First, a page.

# Generation of Basic Signals

## Simulation of continuous-time signals

Let’s consider the continuous periodic function $x(t) = A\cos(2\pi f_0t)$ with an amplitude of $A=2$ and a frequency of $f_0 = 5Hz$ (i.e. 5 cycles/second). Given that Python does not work with continuous signals, we will evaluate $x(t)$ at discrete points in time.

In the code below, we simulate our signal by means of $1000$ samples in a time interval between $0$ and $1$ seconds. For this purpose, the function np.linspace(start, stop, num) returns num evenly spaced samples, calculated over the closed interval [start, stop].

import matplotlib.pyplot as plt
import numpy as np

t = np.linspace(0, 1, 1000)
A = 2
f0 = 5

x = A*np.cos(2*np.pi*f0*t)

plt.plot(t, x, '-b')
plt.title(r'x(t) = 2\cos(2\pi 5t)')
plt.xlabel(r't (in s)')
plt.grid() Note that the period of $x(t)$ is $T_0 = \frac{1}{5} = 0.2$ and, as the plot depicts, the interval $[0, 1]$ comprises five full periods.

Let us simulate more basic time-continuous signals. An important one is the sinc function

\begin{equation} \text{sinc}(t) = \frac{\sin(\pi t)}{\pi t} \end{equation}

which can be represented in the interval $[-8, 8]$ as follows:

t = np.linspace(-8, 8, 1000)
x = np.sinc(t)
plt.plot(t, x, '-b')
plt.title(r'x(t) = sinc(t)')
plt.xlabel(r't (in s)')
plt.grid() We can also define our own basic functions from scratch:

def p(t):
"""Basic rectangular pulse"""
return 1 * (abs(t) < 0.5)

def pt(t):
""" Basic triangular pulse"""
return (1 - abs(t)) * (abs(t) < 1)

def sgn(t):
"""Sign function"""
return 1 * (t >= 0) - 1 * (t < 0)

def u(t):
"""Unit step function"""
return 1 * (t >= 0)

functions = [p, pt, sgn, u]

t = np.linspace(-2, 2, 1000)

plt.figure()
for i, function in enumerate(functions, start=1):
plt.subplot(2, 2, i)
plt.plot(t, function(t), '-b')
plt.ylim((-1.1, 1.1))
plt.title(function.__doc__)
plt.tight_layout()
plt.show() ## Discrete-time signals

In our first example, we took samples spaced $T_s = 0.001$ seconds. That is, $1000$ samples per second so we say that our sampling frequency is $f_s = \frac{1}{T_s} = 1 kHz$.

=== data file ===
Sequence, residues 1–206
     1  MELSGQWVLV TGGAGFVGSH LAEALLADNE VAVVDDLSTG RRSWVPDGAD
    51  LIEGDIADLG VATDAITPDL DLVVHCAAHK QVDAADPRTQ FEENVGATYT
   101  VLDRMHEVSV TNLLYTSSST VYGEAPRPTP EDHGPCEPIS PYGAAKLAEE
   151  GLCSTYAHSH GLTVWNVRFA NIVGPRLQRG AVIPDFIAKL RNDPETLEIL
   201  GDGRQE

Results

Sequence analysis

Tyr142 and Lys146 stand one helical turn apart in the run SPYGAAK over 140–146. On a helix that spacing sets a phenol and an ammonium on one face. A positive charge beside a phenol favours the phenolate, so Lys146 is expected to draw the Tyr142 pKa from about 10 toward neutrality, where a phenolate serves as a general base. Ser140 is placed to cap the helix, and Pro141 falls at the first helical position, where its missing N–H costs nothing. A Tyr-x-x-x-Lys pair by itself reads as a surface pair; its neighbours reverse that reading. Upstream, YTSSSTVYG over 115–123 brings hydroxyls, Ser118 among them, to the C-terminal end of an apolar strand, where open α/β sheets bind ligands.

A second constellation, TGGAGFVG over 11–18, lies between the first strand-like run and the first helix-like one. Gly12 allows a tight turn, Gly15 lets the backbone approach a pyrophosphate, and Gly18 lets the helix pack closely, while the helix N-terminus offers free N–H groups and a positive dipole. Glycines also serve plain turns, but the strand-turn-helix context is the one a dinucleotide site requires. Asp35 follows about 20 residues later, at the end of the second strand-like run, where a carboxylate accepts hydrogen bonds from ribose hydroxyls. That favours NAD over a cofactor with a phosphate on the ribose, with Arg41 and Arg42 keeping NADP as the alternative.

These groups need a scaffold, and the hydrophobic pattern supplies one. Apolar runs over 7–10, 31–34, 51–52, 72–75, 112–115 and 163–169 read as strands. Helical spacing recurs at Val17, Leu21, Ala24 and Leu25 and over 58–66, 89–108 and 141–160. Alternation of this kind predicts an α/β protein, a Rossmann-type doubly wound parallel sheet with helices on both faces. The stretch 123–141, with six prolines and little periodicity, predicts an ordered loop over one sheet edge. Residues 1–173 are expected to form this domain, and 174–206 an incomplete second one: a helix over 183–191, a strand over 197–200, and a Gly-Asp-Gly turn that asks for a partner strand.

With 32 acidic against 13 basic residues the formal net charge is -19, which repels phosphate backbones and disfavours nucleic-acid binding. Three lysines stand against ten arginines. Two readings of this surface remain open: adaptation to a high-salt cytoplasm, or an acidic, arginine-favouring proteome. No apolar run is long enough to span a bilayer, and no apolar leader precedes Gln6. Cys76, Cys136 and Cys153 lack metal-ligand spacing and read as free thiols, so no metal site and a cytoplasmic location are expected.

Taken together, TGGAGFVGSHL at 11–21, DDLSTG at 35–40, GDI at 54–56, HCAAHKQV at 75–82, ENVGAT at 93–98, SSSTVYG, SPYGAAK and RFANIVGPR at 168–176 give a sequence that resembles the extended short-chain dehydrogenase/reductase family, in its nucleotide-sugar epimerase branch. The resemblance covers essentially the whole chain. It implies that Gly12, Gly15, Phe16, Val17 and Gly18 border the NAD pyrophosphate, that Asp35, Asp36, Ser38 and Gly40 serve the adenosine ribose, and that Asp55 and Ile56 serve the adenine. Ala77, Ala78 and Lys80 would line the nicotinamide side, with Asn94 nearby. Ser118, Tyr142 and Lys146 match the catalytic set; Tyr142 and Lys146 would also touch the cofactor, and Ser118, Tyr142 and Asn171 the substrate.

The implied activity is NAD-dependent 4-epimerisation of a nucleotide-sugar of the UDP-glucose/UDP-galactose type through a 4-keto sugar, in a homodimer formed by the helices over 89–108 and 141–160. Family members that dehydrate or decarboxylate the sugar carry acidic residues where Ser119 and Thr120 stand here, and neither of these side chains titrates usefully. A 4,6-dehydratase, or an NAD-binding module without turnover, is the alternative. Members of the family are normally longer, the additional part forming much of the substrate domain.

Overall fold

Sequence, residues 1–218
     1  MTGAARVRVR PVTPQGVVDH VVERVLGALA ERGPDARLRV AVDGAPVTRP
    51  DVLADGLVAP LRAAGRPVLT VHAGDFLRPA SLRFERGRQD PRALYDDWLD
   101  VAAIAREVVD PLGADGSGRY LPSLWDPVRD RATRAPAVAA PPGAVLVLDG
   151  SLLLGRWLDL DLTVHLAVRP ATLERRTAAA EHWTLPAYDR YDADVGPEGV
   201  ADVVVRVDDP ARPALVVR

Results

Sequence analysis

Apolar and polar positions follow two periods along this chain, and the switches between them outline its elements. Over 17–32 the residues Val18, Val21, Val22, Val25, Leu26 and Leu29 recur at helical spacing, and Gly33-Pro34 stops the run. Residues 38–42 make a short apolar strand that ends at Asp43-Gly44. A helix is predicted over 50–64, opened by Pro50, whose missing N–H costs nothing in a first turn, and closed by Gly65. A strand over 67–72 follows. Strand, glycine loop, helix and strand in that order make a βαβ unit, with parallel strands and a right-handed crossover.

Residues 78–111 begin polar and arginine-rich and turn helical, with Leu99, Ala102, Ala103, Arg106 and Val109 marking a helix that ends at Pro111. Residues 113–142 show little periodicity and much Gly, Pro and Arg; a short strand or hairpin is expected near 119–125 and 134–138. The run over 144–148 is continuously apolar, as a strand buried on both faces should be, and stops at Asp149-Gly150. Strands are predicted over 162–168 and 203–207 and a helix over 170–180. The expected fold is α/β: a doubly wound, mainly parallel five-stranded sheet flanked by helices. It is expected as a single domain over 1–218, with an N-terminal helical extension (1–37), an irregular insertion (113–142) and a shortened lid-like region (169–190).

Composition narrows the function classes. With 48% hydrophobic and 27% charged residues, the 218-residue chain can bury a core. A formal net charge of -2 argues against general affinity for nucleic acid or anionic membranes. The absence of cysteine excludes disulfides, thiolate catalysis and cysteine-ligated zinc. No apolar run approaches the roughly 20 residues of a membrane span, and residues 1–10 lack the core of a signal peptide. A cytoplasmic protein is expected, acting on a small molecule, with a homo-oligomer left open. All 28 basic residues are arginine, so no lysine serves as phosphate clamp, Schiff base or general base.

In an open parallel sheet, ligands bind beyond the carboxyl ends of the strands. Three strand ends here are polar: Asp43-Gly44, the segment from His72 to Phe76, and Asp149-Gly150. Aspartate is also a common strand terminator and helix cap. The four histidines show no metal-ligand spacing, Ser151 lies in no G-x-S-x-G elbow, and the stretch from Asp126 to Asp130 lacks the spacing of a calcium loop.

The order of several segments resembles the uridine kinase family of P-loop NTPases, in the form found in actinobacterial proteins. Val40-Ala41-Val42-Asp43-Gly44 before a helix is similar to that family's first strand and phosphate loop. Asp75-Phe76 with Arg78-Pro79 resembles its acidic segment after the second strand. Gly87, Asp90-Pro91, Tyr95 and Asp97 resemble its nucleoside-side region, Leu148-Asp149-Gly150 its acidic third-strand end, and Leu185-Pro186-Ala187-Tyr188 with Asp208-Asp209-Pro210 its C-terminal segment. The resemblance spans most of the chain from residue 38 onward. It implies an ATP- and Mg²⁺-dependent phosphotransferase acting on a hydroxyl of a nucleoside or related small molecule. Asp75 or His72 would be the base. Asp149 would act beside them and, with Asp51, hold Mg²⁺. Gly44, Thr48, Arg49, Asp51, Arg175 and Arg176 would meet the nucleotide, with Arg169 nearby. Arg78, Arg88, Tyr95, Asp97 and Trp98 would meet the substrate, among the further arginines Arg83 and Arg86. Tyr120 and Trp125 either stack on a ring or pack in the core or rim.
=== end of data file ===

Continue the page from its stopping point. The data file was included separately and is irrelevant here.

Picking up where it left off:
Whenever we sample a continuous sinusoid function into a discrete signal $x[n]$, a discrete frequency $F_0$ comes into play:

\begin{equation} \begin{aligned} x[n] = x(nT_s) &= A\cos(2\pi f_0 nT_s) \\ &= A\cos(2\pi\frac{f_0}{f_s}n) \\ &= A\cos(2\pi F_0 n) \end{aligned} \end{equation}

Hence, many different combinations of $f_0$ and $f_s$ may give rise to the same $F_0$.

For instance, let us generate $100$ samples of a discrete-time sinusoid with $F_0 = 0.1$ and display it by means of plt.stem().

F0 = 0.1
L = 100
n = np.arange(L)
x = np.cos(2*np.pi*F0*n)

plt.stem(x)
plt.title('Discrete-time sinusoid of F0=0.1')
plt.xlabel('n') The code below highlights the following fact for discrete frequencies:

\begin{equation} \cos(2\pi F_0 n) = \cos(2\pi (1-F_0) n) \end{equation}

from fractions import Fraction

n = np.arange(50)
frequencies = [0, 1/2, 1/4, 3/4, 1/16, 15/16]

for i, F0 in enumerate(frequencies, start=1):
plt.subplot(3, 2, i)
plt.stem(np.cos(2*np.pi*F0*n))
plt.title(r'$\cos(2\pi {}n)$'.format(Fraction(F0)))

plt.tight_layout() ## Basic transformations

In order to illustrate the basic transformations of the independent variable, shifting, scaling and reversal, we will consider the following analog function

\begin{equation} x(t) = e^{-\frac{1}{5}t}\cdot u(t) \end{equation}

where $u(t)$ corresponds to the unit step function (or Heaviside) whose value is zero for negative arguments and one otherwise. Hence, $x(t)$ can be written as

\begin{equation} x(t) = \begin{cases} e^{-\frac{1}{5}t} & \text{if} \ \ t \geq 0 \\ 0 & \text{otherwise} \end{cases} \end{equation}

All of the plots are focused on the interval $[-10, 10]$ in the piece of code below:

def x(t):
return np.exp(-0.2 * t) * (t >= 0)

t = np.linspace(-10, 10, 1000)

f, (ax1, ax2, ax3, ax4) = plt.subplots(4, 1, sharex=True, sharey=True)
ax1.set_ylim([-0.2, 1.2])

ax1.plot(t, x(t))
ax1.set_title(r'x(t)')

ax2.plot(t, x(2-t))
ax2.set_title(r'x(2 - t)')

ax3.plot(t, x(4*t))
ax3.set_title(r'x(4t)')

ax4.plot(t, x(0.25*t))
ax4.set_title(r'x(\frac{1}{4}t)')
ax4.set_xlabel('t (in s)') Let’s consider now the discrete-time version of the signal:

L = 20
n = np.arange(L)

x = np.exp(-0.2 * n) * (n >= 0)
x2 = x[::2]  # Decimation by 2: Remove one from every 2 points
v = np.zeros((2*L))
v[::2] = x   # v = x(n/2) for even n, 0 otherwise

f, (ax1, ax2, ax3) = plt.subplots(3, 1, sharex=True, sharey=True)
ax1.set_ylim([-0.2, 1.2])

ax1.stem(x)
ax1.set_title(r'x[n]')

ax2.stem(x2)
ax2.set_title(r'x[2n]')

ax3.stem(v)
ax3.set_title(r'v[n]')

# The discrete signals are represented versus n, not versus t
ax3.set_xlabel('n')


Note that when plotting $v[n]$ we are referring to the function below

\begin{equation} v[n] = \begin{cases} x[\frac{n}{2}] & \text{if} \ \ n = 0, \pm 2, \pm 4, \dots \\ 0 & \text{otherwise} \end{cases} \end{equation}

and we take advantage of Python’s list slicing when we specify n[::2] which reads as take all the elements in n with a step of 2.

We can finally visualize all of the transformations on $x[n]$. Note that $x[2n]$ has half the length of the original sequence while $v[n]$ has twice the lenght:  Lliçons.jutge.org